Full Title: “Looking Back … and Looking Ahead”: Energy Sector Developments in 2015 That Will Continue to Shape the Energy Sector in 2016 Author(s): Shearman and Sterling LLP Publisher(s): Shearman and Sterling LLP Publication Date: 2015 Full Text: ->DOWNLOAD DOCUMENT<- Description (excerpt): In December 2015, President Obama signed into law H.R. 22, the Fixing America’s Surface Transportation Act (FAST Act), authorizing budgetary resources for surface transportation programs for fiscal years 2016-2020, and the Consolidated Appropriations Act, 2016 (Appropriations Act), an omnibus spending bill to fund the federal government through September 30, 2016. The FAST Act also contains provisions intended to improve… [more]View Discussion
UFA Ventures, Inc.
After the events of COP21, the National Hydropower Association’s (NHA) goal to expand hydropower in America over the next few decades seems especially important. The existing hydro fleet was constructed over the course of an entire century and constitutes the longest-lived energy facilities in the world. NHA’s goal is to double hydropower by adding 60 GW of capacity by 2030 which will produce an additional 300 billion kWhs of electricity each year, without building a single new dam. Energy Secretary, Ernest Moniz agrees, stating, “Hydropower can double its contributions by the year 2030. We have to pick up the covers… [more]View Discussion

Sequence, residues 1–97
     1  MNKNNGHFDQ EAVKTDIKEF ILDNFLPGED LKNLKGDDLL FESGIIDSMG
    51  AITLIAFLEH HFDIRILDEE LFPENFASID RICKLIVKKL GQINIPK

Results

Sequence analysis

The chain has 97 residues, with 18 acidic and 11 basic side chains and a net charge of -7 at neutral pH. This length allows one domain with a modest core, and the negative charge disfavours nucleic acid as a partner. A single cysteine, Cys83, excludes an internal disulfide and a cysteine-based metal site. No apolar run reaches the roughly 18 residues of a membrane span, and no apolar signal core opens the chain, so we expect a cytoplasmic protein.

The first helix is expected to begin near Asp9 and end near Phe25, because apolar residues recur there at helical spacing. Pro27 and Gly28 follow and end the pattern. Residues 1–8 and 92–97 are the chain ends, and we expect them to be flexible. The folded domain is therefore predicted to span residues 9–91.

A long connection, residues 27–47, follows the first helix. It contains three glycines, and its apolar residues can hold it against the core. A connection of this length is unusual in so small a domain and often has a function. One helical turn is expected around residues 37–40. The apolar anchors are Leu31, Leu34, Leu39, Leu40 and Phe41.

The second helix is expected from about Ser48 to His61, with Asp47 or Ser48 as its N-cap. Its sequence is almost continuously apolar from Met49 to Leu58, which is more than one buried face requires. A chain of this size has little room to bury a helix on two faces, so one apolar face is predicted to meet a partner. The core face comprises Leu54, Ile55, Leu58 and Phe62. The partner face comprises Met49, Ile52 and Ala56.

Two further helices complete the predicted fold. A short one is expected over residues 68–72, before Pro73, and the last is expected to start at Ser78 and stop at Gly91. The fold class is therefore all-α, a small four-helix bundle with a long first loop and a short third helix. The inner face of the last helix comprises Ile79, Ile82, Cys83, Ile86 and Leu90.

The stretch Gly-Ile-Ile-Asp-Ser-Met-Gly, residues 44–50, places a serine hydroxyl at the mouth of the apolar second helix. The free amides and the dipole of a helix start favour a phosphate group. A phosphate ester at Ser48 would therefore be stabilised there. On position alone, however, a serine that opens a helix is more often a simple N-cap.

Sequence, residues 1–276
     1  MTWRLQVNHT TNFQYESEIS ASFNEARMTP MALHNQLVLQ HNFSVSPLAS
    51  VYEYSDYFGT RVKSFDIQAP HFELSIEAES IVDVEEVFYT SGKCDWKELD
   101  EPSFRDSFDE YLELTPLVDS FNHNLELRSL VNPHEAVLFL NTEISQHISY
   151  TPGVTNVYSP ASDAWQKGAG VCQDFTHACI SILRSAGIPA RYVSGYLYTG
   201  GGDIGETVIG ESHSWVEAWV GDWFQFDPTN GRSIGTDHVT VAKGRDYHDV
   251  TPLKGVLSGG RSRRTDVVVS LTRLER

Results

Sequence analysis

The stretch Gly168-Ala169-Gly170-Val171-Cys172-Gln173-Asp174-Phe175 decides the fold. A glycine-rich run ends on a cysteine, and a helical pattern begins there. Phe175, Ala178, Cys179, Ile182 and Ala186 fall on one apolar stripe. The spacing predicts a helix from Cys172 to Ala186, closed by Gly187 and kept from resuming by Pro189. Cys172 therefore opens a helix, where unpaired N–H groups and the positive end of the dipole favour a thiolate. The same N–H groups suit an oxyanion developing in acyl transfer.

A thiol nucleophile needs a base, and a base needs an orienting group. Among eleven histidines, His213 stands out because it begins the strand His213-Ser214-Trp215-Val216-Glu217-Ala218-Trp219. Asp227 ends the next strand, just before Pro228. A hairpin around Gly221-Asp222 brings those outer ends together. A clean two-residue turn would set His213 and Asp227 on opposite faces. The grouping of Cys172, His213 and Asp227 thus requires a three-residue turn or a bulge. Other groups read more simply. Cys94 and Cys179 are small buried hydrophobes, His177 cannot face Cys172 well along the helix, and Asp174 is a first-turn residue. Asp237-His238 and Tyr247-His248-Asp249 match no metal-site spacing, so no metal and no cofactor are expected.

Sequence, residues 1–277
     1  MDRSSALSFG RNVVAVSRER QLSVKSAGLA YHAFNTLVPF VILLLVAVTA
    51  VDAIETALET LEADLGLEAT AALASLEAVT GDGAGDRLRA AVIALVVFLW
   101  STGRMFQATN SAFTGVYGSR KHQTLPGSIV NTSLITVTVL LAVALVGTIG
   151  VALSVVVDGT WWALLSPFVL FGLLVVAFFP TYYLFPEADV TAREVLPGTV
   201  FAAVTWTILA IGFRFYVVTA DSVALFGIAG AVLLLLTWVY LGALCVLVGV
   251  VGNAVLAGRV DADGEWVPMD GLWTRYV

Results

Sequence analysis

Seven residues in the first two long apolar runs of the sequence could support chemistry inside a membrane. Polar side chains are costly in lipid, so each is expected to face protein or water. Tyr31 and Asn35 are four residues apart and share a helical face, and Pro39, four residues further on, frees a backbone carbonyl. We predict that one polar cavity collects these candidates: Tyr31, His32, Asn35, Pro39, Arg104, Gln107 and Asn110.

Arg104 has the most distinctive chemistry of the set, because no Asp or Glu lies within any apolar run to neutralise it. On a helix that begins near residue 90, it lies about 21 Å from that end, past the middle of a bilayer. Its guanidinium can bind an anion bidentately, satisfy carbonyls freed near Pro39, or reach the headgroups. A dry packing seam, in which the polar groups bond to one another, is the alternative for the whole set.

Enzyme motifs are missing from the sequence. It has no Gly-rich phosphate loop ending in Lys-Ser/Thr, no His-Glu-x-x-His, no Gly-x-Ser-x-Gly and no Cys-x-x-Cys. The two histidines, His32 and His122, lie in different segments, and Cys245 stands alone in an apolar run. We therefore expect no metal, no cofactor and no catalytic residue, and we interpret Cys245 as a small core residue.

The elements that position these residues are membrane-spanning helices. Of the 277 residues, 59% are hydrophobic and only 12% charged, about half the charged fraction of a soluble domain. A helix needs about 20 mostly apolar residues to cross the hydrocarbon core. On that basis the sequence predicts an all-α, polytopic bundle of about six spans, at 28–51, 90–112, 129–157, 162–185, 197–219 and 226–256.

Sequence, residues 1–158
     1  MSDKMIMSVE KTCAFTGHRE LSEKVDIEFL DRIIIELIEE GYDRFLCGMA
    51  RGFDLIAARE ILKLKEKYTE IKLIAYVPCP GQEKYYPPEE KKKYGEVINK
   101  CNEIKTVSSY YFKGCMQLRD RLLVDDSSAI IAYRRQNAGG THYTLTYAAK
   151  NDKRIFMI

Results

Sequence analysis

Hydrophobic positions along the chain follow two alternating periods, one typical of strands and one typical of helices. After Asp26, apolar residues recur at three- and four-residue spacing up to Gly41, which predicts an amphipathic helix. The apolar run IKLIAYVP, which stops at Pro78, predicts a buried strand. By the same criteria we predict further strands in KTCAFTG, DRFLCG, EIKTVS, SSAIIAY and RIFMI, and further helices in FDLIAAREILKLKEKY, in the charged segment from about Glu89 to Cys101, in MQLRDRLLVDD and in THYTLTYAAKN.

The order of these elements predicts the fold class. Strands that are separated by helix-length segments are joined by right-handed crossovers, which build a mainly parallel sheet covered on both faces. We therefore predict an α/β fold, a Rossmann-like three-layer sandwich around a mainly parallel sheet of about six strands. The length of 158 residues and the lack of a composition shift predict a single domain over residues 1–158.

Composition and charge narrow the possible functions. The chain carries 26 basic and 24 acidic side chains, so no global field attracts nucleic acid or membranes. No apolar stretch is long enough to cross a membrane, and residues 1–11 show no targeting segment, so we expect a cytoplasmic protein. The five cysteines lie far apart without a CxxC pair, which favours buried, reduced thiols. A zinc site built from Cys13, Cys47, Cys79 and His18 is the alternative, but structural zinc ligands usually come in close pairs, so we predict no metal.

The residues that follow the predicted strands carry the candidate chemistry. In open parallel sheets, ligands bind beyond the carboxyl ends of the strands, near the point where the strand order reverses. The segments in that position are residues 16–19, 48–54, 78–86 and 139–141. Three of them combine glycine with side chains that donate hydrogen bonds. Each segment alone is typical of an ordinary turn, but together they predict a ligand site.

Full Title: Renewable Electricity Futures Study (Executive Summary) Author(s): Trieu Mai, Debra Sandor, Ryan Wiser, and Thomas Schneider1 Publisher(s): National Renewable Energy Study (NREL) Publication Date: 2012 Full Text: ->DOWNLOAD DOCUMENT<- Description (excerpt): The National Renewable Energy Laboratory’s (NREL) Renewable Electricity Futures Study (RE Futures) is an initial investigation of the extent to which renewable energy supply can meet the electricity demands of the continental United States over the next several decades. This study explores the implications and challenges of very high renewable electricity generation levels—from 30% up to 90%, focusing on 80%, of all U.S. electricity generation—in 2050. At such… [more]View Discussion